The Commission has generally not applied these new provisions in any administrative proceeding commenced prior to August 20, 1964, the date when the Securities Acts Amendments were enacted. Since most of the administrative proceedings concluded during the fiscal year were commenced prior to that date, the operation of the amendments in this area was correspondingly limited. However, as a result of the consents of respondents in several such cases and the defaults or consents of respondents in a number of cases commenced subsequent to such date, 25 persons were barred during the fiscal year from association with any broker or dealer, three persons were suspended for varying periods from such association and one person was formally censured. In addition, one broker-dealer firm was censured and the registration of another was suspended. One proceeding was instituted only against individuals and not against their employer firm. Regulation of Broker-Dealers Who Are Not Members of Registered Securities

Association Prior to the passage of the 1964 amendments, broker-dealers registered with the Commission who were not members of the National Association of Securities Dealers, Inc. (NASD), or one of the principal exchanges, were not subject to any comprehensive regulation concerning qualifications, experience in the securities business, or fair business practices. A major objective of the amendments, according to the House Committee on Interstate and Foreign Commerce, was "to insure that the Commission has the necessary authority to provide regulation of non-member brokers and dealers comparable to that imposed by (self-regulatory) associations on their membership, including the requirement that these non-member brokers and dealers pay fees which will compensate the Commission for this additional regulation.” 23

House Report No. 1418, 88th Cong., 2d Sess., p. 12.

In August 1964, the Commission, as contemplated by new subsections (8), (9), and (10) of Section 15 (b) of the Exchange Act, began to formulate a regulatory program for those broker-dealers who are not members of a registered securities association. The new provisions authorize the Commission to adopt rules and regulations prescribing standards of training, experience and other qualifications for such brokers and dealers and persons associated with them, and to adopt rules and regulations governing non-member broker-dealers designed to promote just and equitable principles of trade, to provide safeguards against unreasonable profits or unreasonable rates of commissions or other charges, and in general to protect investors and the public interest and to remove impediments to and perfect the mechanism of a free and open market.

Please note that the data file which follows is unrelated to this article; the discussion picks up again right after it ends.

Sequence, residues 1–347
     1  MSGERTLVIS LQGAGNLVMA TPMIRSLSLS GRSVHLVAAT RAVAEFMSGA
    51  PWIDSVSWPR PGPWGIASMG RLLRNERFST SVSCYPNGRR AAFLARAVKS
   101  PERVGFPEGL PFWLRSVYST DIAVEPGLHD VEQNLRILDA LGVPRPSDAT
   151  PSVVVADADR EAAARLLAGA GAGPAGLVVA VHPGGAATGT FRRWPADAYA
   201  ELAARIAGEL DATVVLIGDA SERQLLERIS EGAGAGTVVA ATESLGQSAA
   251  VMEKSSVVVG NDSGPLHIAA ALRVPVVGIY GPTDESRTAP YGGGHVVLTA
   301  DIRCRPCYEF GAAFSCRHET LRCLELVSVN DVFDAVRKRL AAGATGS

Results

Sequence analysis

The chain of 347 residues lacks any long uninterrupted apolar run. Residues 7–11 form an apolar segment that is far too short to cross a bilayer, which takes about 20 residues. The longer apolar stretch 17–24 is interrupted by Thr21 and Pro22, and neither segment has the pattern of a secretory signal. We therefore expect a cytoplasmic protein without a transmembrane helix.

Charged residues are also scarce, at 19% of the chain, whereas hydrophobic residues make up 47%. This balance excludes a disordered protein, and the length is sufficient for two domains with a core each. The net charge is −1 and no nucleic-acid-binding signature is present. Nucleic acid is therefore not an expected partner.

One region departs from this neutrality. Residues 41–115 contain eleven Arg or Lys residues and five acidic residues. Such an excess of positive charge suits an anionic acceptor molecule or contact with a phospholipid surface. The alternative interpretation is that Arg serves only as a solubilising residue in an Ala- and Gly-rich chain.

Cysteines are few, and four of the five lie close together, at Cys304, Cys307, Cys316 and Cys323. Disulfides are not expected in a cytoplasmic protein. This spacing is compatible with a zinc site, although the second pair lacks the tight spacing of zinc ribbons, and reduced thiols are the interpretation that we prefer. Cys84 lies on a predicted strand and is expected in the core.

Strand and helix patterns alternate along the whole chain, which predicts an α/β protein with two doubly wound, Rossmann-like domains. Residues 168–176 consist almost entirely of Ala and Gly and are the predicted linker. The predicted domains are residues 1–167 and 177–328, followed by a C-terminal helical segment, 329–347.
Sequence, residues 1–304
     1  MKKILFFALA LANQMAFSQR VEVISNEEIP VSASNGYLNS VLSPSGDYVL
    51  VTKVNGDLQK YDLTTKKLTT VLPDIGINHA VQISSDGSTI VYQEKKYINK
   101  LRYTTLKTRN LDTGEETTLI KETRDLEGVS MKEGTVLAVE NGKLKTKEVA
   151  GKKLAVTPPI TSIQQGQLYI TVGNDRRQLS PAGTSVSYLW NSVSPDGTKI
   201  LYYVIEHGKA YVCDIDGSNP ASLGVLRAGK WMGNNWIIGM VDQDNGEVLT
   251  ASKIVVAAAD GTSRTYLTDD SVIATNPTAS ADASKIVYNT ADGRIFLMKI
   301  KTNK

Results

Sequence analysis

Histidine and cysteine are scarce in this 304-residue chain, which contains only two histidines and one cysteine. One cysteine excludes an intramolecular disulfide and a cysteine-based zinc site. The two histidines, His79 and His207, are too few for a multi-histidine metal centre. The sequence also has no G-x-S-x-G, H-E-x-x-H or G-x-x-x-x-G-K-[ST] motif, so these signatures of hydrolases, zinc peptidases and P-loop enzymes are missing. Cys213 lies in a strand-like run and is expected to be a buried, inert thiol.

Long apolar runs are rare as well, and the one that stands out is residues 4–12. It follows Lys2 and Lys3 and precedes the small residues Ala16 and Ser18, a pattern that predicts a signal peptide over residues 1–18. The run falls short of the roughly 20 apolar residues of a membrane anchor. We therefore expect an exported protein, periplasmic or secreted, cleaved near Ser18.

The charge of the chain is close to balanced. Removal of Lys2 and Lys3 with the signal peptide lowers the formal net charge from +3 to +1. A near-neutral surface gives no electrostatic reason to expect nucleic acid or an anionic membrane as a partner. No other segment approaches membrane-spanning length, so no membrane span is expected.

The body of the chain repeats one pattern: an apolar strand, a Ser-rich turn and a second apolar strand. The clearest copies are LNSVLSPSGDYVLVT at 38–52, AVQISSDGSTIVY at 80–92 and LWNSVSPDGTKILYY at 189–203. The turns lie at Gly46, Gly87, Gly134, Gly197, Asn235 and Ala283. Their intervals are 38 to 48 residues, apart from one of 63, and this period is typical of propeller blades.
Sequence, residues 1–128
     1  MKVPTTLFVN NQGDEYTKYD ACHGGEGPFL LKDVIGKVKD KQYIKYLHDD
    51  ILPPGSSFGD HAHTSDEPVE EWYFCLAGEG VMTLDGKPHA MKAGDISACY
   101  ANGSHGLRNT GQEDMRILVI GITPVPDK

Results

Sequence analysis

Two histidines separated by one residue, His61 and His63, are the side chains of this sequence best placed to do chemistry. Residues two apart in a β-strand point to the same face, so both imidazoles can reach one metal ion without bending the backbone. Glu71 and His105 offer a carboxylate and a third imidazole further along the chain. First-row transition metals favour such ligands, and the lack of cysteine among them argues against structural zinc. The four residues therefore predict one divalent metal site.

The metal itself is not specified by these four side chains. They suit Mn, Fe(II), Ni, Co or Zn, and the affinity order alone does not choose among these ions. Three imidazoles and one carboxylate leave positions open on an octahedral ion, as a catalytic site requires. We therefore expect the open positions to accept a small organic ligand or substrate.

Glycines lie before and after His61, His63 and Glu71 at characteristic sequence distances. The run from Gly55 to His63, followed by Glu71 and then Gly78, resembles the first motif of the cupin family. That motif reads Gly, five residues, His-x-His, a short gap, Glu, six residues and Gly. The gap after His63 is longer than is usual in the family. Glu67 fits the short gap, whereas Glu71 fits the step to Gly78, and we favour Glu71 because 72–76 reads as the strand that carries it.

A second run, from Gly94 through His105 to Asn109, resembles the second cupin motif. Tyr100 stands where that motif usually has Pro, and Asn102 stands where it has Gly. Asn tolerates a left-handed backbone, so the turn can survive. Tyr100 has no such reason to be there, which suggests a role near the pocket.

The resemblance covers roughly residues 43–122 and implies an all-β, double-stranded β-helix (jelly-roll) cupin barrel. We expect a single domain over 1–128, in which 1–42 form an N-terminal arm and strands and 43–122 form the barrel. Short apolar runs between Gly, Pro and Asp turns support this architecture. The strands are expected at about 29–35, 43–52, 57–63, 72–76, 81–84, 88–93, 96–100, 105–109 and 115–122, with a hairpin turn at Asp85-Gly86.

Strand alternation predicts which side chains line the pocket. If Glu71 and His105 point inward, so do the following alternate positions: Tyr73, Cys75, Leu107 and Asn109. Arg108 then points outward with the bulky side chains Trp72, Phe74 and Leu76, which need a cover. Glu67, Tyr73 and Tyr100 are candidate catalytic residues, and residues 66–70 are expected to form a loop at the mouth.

In February and March 1965, the Commission prepared studies of non-NASD broker-dealers, based upon information obtained in replies to a questionnaire sent to all such firms. On the basis of these studies, and after conferences with securities industry representatives, the Commission published for comment proposed Rule 15b8–1,24 which proposed to establish qualification requirements and set fees for nonNASD broker-dealers who do an over-the-counter business, and for their principals, salesmen and other persons associated with them. Subsequent to the end of the fiscal year, the Commission adopted Rule 15b8-1 with revisions that took into account comments from broker-dealers, the NASD, state securities administrators and others.25 The rule includes a requirement that persons associated with nonmember broker-dealers in certain capacities successfully complete a qualifications examination; that non-member broker-dealers file with the Commission a personnel form for each of their associated persons engaged in securities activities; and that they pay fees to defray the additional costs of regulation incurred between August 20, 1964, the date of the enactment of the 1964 amendments, and June 30, 1965.

The rule exempts from its provisions broker-dealers who are members of a national securities exchange if they do not carry customers' accounts and if their annual gross income derived from over-thecounter business is no more than $1,000. This exemption applies mainly to exchange specialists and other floor members who on occasion introduce accounts to other members.

The Commission is currently drafting rules under Section 15(b) (10) relating to broker-dealers' business conduct, and under Sections 15(b) (8) and (9) relating to a permanent fee schedule. In drafting

24

Securities Exchange Act Release No. 7603 (May 18, 1965).
Securities Exchange Act Release No. 7697 (September 7, 1965).

25